Fendi takes Ancient Rome into outer space for its SS22 couture show
In his first IRL couture show for the Roman house, Kim Jones drew exquisite parallels between the distant past and future.
Images courtesy of Fendi
Isn’t it funny how sci-fi films always have a touch of class-civ to them? In galaxies far away, the vestiges of an ancient past often lend themselves to fantasies of faraway futures, the most tangible connections being clothes that usually resemble the classical drapery of togas worn by bygone emperors and Greek gods. Watching Star Wars or Dune, there are times where it often feels as if they could either be set 3000 BC or 3000 AD; both being distant enough to elicit a sense of timelessness. Kim Jones has gotten into sci-fi over Christmas, reading both of the books that the aforementioned films are based on, and thinking about the past, present and future — and how that relates to time and space (he also saw the Aurora Borealis on a trip to Iceland last month; go figure). As a result, his third couture show for Fendi, shown yesterday in the Palais Brongniart, was titled “Celestial Rome” — a sort of palimpsest of the ancient and the space-age; Spartacus made sci-fi. In a nutshell, majestic Roman empresses descending to earth for the first time; spaceships flying over the time-weathered columns of the Coliseum; couture as an affirmation of clothes made to treasure forever, into eternity.
The show took place in the pitch-black room, with the architecture of Fendi’s HQ, the Palazzo della Civiltà Italiana, fragmented and exploded into glowing lights, almost like a constellation of stars. “When you walk down the street in Rome, you are constantly moving back and forth in time,” Kim explained during a preview. “Where we work feels very modern, but you pass monuments on the way there. There’s a total timelessness to the city: a historic vein which runs through it, but also a movement that is projecting forwards.” As the show started, luminous plumes of white smoke writhed around spaceship-like sliding doors. From them emerged an army of empresses, high priestesses, and warrior women with embroidered second-skins and alien-like faces dotted with diamonds.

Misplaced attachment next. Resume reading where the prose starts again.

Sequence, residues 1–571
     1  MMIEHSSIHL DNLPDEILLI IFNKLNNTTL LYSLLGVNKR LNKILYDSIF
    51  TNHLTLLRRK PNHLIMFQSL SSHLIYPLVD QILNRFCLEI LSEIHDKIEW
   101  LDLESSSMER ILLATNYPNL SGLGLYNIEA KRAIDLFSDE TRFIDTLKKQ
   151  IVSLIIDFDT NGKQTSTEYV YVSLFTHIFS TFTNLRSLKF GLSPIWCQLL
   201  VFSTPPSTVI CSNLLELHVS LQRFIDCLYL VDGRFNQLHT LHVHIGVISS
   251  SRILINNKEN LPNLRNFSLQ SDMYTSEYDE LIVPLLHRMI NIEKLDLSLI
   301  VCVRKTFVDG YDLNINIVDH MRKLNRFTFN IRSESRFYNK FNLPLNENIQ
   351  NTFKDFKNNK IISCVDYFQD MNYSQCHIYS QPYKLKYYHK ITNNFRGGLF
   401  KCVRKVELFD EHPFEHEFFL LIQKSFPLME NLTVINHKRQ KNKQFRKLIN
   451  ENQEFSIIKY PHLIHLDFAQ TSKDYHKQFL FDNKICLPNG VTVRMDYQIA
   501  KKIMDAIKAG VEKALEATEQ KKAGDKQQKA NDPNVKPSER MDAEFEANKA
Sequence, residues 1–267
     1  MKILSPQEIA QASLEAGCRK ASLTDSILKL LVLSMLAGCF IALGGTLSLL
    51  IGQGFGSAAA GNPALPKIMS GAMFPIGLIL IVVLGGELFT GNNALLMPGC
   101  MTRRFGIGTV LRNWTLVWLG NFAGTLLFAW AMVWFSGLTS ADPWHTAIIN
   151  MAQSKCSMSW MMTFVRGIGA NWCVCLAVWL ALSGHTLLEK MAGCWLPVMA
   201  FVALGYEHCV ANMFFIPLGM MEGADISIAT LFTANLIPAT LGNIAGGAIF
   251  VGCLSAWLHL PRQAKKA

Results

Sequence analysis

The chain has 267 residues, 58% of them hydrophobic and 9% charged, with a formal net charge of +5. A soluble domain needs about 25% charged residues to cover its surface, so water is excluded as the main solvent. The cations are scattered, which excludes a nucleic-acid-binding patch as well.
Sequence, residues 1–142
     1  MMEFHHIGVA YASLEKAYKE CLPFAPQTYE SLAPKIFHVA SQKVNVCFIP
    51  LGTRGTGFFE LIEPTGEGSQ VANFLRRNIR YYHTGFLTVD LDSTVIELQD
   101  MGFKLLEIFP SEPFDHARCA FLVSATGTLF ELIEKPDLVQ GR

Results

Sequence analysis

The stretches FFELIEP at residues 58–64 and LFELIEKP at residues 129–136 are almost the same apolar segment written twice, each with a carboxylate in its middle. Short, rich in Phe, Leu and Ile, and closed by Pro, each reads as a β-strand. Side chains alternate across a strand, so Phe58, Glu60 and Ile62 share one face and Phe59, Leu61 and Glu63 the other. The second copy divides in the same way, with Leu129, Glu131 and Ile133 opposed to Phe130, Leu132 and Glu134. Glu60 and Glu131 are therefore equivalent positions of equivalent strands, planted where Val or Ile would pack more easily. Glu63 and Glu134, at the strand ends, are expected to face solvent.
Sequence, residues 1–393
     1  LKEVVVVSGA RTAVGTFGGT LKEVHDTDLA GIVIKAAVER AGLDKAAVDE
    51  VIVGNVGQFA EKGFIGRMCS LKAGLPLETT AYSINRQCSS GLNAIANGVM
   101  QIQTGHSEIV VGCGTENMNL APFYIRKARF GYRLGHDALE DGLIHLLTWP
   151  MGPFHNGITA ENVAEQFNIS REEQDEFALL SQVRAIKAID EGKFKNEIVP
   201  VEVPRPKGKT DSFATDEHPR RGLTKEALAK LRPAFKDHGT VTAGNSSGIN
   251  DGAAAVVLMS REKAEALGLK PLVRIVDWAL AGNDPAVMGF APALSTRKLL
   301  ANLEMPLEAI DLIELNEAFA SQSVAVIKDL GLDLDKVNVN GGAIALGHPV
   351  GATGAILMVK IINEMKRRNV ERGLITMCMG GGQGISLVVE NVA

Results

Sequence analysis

Although this was Kim’s third couture collection for Fendi, it is the first shown in Paris before an actual audience (many of which arrived in the Maison’s equivalent of a team football jersey: furs, monograms, and more Fendi baguettes than you could count). It provided the opportunity to really see the immense amount of work that goes into these evening-centric clothes, like the furry capes sheared three-dimensionally so as to echo the contours of fountains — and then hand-painted with chiaroscuro depictions of statues outside Fendi HQ. Elsewhere, there were ghostly shadows of opulent fabrics, photographed and distorted, that were printed onto duchesse silk and organza and illuminated with marble-like mother-of-pearl. Stripes of bugle-beads — sleeker and more space age than other beads — adorned the edges of jedi drapes, which somehow still had a razor-sharp severity to them. Satins and chiffons in purple, the expensively-dyed colour once reserved for the emperors according to ancient Sumptuary Laws, was matched with the deepest red.
If Rome is about monumental architecture of the oldest variety, couture is about the architecture of clothes — which is why there were exposed underpinnings to serve as a reminder of the hands that made them. Long trains darting out of micro-length dresses resembled the kind of ecclesiastical robes of cardinals, albeit with that subversive edge of bare legs and spiky jewellery by Delfina Delettrez. Rome is a city of both saints and sinners, after all, and though this collection was about the past and future, the reality of the present is that women want to feel sexy again — Kim said that shorter lengths have been the most sought-after by Fendi’s couture clients.
Ultimately, this collection was about the visual language of power — a celebration of the imperial majesty of women draped in finery to face their uncertain futures. The world is changing rapidly, and whereas some billionaires may opt for utilitarian self-sufficient “shelter villas” on New Zealand’s North Island to weather out the apocalypse, it’s perfectly acceptable that others will want to while away their days in Paris, shopping for one-of-a-kind dresses and Persian-lamb armour to get through whatever inhospitable circumstances the end of days will bring. Or, perhaps they’ll get on that space voyager in search of another planet. They’ll still need something to wear out there, right?
All images courtesy of Fendi.